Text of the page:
“Mommy?” my daughter asked in that soft voice of hers, tugging on the edge of my skirt as we stood in line at the grocery store. And boy was this line long.
“Not now, sweetie. Mommy’s on the phone,” I said with a small smile directed down at her, pointing to the cell phone I was holding between my chin and my shoulder. She pouted and sighed, turning her baby blue eyes to the rows of candies. I shook my head and went back to Derek.
“So, are you feeling better today, honey?” I asked into the speaker of my old cell phone. My new one broke a few weeks ago, but with my fiancé, Derek, in the hospital; we just didn’t have the money to repair it. In fact, this was my first grocery store trip in a week.
“No, not really,” he mumbled. I had to turn up the volume so I could hear him clearly over the rain that pounded the tin roof of the cheap version of Wal-Mart we could afford. Where was the volume button…?
“I can’t feel anything of my right leg. I can’t move it, or anything. It’s gone numb, Selena.”
“Hold on Derek, just one second,” I said as I pushed the cart forward a little, fumbling with my phone. “Alright, I had to turn up the volume, sweet heart. Sorry. Now what were you saying?”
A static sigh came from the other end.
“I…” I wasn’t able to hear what he said because my phone burst into obnoxious beeping sounds.
“What the…?” I turned my phone around and stared at the dim screen. LOW BATTERY, it said. Now was not the time for this…
A tap on my shoulder sent my head whipping around to stare at the person responsible. He was a crinkled old man who smelled of spring gardens and maple syrup. His toothless mouth opened and closed as he pointed a shaky hand towards the door, where a little blonde head was bobbing its way towards the parking lot.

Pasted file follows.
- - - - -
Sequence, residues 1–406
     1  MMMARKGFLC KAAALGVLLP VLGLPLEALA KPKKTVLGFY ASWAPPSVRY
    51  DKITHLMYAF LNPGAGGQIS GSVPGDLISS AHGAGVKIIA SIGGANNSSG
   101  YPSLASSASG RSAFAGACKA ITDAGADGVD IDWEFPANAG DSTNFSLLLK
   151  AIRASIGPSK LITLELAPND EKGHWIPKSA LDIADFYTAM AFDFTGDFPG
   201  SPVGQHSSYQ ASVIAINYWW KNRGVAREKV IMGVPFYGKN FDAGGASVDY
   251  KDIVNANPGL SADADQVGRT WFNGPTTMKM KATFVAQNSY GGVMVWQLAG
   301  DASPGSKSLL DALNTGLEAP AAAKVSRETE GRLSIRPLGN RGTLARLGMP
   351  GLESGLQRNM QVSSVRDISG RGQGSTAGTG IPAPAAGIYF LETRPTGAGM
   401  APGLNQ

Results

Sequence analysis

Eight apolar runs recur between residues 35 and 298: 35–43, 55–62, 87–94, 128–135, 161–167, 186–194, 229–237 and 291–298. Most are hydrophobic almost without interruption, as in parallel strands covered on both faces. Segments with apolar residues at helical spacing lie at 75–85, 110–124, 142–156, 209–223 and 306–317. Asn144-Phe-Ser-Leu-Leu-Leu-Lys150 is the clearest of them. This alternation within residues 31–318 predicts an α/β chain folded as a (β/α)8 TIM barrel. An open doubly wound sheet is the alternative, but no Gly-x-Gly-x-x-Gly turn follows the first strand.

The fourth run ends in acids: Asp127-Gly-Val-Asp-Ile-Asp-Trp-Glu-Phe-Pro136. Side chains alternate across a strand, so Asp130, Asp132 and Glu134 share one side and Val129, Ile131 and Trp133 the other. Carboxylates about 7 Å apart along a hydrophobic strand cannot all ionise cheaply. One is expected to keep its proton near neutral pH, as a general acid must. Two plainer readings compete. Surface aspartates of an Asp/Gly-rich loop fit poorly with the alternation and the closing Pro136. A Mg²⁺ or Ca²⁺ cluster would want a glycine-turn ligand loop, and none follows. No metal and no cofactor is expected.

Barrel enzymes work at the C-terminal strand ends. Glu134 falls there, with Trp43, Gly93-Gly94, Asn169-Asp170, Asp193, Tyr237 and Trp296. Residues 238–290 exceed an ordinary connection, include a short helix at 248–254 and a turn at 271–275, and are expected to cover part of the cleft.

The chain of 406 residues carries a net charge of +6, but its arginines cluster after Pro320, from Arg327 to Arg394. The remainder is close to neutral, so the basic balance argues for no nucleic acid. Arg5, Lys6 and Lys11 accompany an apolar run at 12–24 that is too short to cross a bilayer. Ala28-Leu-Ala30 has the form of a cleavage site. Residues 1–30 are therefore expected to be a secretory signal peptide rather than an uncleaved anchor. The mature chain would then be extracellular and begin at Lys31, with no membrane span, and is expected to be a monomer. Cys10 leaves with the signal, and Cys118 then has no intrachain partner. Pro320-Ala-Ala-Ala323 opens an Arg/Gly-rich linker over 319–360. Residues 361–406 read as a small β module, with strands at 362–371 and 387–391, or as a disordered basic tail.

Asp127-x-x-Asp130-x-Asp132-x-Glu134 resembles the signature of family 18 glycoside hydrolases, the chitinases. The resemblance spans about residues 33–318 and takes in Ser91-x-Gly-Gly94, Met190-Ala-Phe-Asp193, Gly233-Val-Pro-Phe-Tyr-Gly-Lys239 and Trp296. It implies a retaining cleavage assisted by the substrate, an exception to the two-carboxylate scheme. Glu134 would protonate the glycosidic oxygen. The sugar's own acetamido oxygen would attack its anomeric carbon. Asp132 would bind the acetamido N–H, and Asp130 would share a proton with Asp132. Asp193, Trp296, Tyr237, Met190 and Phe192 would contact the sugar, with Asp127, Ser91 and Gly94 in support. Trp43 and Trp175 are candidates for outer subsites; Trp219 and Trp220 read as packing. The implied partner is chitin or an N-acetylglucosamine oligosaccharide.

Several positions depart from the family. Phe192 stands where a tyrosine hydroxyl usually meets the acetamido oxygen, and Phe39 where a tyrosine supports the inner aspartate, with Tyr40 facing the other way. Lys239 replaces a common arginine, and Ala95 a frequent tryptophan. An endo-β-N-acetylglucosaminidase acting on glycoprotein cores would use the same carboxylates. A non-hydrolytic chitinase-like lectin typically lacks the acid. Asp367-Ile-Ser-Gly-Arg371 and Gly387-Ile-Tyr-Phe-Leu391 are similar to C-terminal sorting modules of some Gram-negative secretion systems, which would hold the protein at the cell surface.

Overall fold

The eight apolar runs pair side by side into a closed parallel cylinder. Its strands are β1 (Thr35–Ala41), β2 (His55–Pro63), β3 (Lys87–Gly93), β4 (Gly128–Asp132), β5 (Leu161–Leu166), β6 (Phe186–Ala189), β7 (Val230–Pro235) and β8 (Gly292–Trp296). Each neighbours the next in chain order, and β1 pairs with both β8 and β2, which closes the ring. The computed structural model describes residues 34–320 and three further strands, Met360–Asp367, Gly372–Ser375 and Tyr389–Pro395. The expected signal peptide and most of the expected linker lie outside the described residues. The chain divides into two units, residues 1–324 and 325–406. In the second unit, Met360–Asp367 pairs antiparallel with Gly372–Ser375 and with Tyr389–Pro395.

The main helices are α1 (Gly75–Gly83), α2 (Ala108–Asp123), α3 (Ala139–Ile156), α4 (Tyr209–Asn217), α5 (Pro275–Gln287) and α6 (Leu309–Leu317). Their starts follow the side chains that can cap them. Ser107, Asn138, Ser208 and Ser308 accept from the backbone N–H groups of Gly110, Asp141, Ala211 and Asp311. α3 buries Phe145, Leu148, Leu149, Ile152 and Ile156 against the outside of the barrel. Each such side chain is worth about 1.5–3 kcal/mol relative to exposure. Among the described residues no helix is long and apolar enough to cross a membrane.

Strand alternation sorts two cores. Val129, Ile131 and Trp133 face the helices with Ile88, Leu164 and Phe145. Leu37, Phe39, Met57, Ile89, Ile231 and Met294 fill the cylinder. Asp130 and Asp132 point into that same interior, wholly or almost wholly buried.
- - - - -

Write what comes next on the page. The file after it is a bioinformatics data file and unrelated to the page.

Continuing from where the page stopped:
“A-Alice!” I cried out to my girl, dropping my phone and running after her, completely forgetting my cart in my panic. “ALICE!”
When I turned the corner I skidded to a stop. Tons of women were standing in front of the doors that didn’t slide, but always stood open, rain or shine, gawking at something beyond. I stepped cautiously through the crowd until I got to the front, and found myself gawking as well.
Children were everywhere. Squatting in the mud, rolling in the damp grass, or just standing with their faces turned towards the gray sky. But not my Alice, who had just come out. She danced in the rain. Danced with another little girl, who laughed and giggled along with her. They were getting soaked, but they were having fun. How could that be?
I almost stomped out there to grab her by the arm and drag her back inside, where I would get back to Derek and my groceries. But a woman from the crowd beat me to it, walking slowly, almost with uncertainty, towards her daughter. The little black haired girl grinned up at her mother, rain washing down her dark cheeks, her eyes squinted, but sparkling. She grabbed her momma’s hand and made her dance. Before I knew what was happening, they were both laughing and dancing and splashing.
I looked around at the faces of the other moms, and they were all smiling softly, their eyes all containing a childish sparkle identical to their children’s.
I found myself grinning widely and dropped my purse on the ground, sprinting out to my daughter. I grabbed both her and the other girl into my arms and spun them around. We all laughed and danced and had the best of times. But the best part of it all was that I got completely soaked. I’d never laughed so much since Derek was in the hospital. There was really nothing much to laugh about.
But, as I discovered today, I was so wrong. There is so much to laugh about; it’s funny how I didn’t realize that earlier.
So, once upon a storm, I realized that maybe life isn’t about waiting for the storm to pass; it’s about learning to dance in the rain.
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